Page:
Your are here  » Home

The hidden gem in goat and sheep farming

By | Updated Tue, May 24th 2011 at 00:00 GMT +3

By Ferdinand Mwongela

Livestock farming is a key economic activity in many parts of the country with the industry contributing significantly to agricultural gross domestic product (GDP), the second largest contributor to the country's GDP behind the service industry.

However, for many people when livestock farming is broached, cattle rearing is the first thing that comes to mind. But what many might not know is that the areas of sheep and goat farming is full of potential and with more focus and development could contribute more to the economy and the wellbeing of the people.

Handling goats

Hn the upcoming Brookside Livestock Breeders Show and Sale, slated for early next month, sheep and goats will be among animals on show as well as demonstrations on their handling in a forum that the organisers point out is geared at bettering the entire livestock industry.

In 2009, the number of goats and sheep in the country stood at about 44 million. This is against 17 million for cattle. Reared mainly for meat, goats and sheep provided about 78 tonnes of meat in 2007.

Despite these numbers, however, a lot more can be done in the sheep and goat farming industries to give them a more prominent place in the livestock industry.

Dairy goat farming, though a serious enterprise in some countries, is still not commercialised in Kenya. According to Sebastian Kariuki, Brookside Dairy’s Extension Services manager, sheep and goat farming has a lot of potential.

"You can have goat and sheep farming as a commercial enterprise," he says. He adds that people just need to know how to utilise them to be profitable.

Players in the livestock industry are, however, not blind to the potential of this segment of the livestock development sector and Kariuki points out that the Brookside Livestock Breeders Show and Sale will be a great place for farmers and other stakeholders to learn more about sheep and goat farming.

Jacob Kikang’a, Brookside’s Gicheha farm manager says some of the activities at the show will be a demonstration on the handling of these animals, all geared at educating farmers and encouraging more interest in the sector.

The approach to this category of livestock is slightly different from that of dairy livestock farming given that most of these animals are raised for meat and in the case of dairy goats, it is subsistence milk production given that dairy goat farming is still not commercialised in the country.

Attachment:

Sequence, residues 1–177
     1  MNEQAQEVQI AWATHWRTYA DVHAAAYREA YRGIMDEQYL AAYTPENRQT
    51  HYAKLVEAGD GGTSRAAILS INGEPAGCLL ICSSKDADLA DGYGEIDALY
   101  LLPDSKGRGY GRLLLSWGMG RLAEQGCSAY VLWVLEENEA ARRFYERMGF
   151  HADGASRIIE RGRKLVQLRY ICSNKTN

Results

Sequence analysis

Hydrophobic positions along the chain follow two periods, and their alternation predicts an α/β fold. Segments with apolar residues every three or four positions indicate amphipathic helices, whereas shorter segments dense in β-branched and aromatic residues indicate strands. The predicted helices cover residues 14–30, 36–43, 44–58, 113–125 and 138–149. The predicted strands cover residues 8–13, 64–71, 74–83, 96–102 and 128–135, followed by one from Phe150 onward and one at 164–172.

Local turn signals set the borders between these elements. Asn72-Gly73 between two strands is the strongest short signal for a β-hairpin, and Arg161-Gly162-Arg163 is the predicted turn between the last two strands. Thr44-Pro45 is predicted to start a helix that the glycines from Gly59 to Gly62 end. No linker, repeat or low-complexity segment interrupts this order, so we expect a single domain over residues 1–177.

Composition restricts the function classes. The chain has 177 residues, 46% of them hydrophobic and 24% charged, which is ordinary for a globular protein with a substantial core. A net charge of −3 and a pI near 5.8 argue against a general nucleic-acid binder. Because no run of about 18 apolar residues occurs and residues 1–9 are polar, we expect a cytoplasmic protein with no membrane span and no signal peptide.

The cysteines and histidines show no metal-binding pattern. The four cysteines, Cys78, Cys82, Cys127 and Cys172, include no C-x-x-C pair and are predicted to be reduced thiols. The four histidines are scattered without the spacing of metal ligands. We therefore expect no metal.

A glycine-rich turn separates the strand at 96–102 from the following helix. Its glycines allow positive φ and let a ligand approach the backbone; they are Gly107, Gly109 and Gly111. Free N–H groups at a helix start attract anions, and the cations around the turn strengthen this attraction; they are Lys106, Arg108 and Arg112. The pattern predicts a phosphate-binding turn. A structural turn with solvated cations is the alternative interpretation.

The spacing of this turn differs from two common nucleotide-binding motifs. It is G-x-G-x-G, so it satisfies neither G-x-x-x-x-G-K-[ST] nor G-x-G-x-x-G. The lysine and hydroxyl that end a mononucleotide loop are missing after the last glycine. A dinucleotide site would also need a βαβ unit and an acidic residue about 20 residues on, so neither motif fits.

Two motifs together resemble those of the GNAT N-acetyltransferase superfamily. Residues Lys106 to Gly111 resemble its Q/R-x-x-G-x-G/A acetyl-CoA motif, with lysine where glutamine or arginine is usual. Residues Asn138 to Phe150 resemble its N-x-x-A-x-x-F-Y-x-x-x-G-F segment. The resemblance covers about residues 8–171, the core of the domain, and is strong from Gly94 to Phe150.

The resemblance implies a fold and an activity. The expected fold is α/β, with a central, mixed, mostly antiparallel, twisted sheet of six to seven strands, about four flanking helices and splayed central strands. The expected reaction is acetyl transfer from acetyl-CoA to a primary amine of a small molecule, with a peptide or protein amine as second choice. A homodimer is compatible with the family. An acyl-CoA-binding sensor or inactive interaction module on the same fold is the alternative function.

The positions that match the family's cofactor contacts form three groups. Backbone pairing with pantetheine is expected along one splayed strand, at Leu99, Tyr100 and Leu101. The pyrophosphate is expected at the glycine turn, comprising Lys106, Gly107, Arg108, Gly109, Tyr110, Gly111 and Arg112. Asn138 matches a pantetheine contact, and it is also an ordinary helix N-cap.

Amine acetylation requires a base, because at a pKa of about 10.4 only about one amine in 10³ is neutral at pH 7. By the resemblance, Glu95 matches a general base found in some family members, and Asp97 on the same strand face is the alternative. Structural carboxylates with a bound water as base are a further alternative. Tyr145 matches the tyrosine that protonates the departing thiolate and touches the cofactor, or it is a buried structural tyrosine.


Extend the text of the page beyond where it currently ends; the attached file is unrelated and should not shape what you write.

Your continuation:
Kariuki points out that although dairy goat farming is viable, it has still not picked up. He, however, adds that some people make money from goat milk albeit at a lower scale compared to dairy cattle.

Source of income

For these people, goat milk supplements their income and Kariuki hopes that with time dairy goat farming will become a serious commercial enterprise. He blames the low interest in the sub sector on technical inability and information flow.

According to a paper on goat production in Central and East Africa, the goat population in the world is estimated to be about 744 million with about 30 per cent of this population found in Africa.

The commercial potential stands out with another paper on dairy goat production practices on Kenya presented to the Livestock Research for Rural Development points out that "dairy goat farming is an activity that can generate income, create employment opportunities and provide food security."

This paper by Egerton University’s Ogola, Nguyo and Kosgey states that the "development of crossbreds between local and exotic goats may be a solution to the prevailing environmental, nutritional, production and management constraints."

This is something that Gicheha farm has tried with their sheep population by introducing the Dorper breed from South Africa and according to the farm manger the potential is limitless.

"We have improved on birth weight," he says adding that the crossing of the exotic dorpers with the local dorper breed enabled the farm increase the birth weight of their dorpers to 4.5 kilogrammes for the males and 4.2 for the females up from 3.8 kilograms and 3.5 kilogrammes from the male and females respectively.

Gikang’a says the dorper is a hardy sheep that does well.

The farm will be among those taking part at the show exhibiting their dorper breed. "We want to show what type of sheep we are growing on this farm’s says the farm manager.

Serious enterprise

Kariuki points out that keeping goat for meat can be a serious enterprise in many areas of the country. His focus is on the arid and semi-arid areas where he says goat meat production can thrive with indigenous goat breeds suited for these areas.

He singles out the gala goat as the future of meat production in the country.

Thus for people like Gicheha and Gikang’a the future looks bright for this segment of the livestock industry and hopefully it will step up to play a much bigger role.